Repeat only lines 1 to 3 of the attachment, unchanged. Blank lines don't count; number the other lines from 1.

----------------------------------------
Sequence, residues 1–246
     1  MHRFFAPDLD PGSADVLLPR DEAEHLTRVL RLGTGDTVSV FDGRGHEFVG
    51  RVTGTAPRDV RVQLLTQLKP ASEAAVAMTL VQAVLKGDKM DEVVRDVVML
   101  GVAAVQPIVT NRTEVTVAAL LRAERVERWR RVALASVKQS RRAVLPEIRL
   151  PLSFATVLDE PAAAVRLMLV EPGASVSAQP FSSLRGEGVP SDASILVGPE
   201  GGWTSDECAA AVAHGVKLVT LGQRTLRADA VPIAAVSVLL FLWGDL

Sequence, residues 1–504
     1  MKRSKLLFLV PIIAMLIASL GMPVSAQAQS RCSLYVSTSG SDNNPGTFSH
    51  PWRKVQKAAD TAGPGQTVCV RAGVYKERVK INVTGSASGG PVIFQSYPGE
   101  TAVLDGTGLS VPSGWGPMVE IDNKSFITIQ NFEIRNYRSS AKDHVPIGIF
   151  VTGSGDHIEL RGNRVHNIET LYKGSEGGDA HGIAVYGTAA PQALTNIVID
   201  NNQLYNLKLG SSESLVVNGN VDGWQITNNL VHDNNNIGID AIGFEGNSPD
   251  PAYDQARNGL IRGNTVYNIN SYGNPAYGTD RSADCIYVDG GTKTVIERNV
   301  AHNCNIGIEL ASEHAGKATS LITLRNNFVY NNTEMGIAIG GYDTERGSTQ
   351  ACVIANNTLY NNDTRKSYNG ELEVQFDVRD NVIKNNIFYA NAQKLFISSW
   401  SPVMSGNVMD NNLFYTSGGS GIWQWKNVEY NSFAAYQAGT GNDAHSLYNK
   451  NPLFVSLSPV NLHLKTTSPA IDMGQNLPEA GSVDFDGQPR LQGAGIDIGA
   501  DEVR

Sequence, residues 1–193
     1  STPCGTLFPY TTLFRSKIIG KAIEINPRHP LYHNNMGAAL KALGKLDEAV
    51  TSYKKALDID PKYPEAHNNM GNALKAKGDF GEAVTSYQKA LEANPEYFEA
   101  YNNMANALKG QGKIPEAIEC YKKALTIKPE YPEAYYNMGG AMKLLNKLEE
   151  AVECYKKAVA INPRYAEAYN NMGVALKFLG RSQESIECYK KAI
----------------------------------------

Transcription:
Sequence, residues 1–246
     1  MHRFFAPDLD PGSADVLLPR DEAEHLTRVL RLGTGDTVSV FDGRGHEFVG
    51  RVTGTAPRDV RVQLLTQLKP ASEAAVAMTL VQAVLKGDKM DEVVRDVVML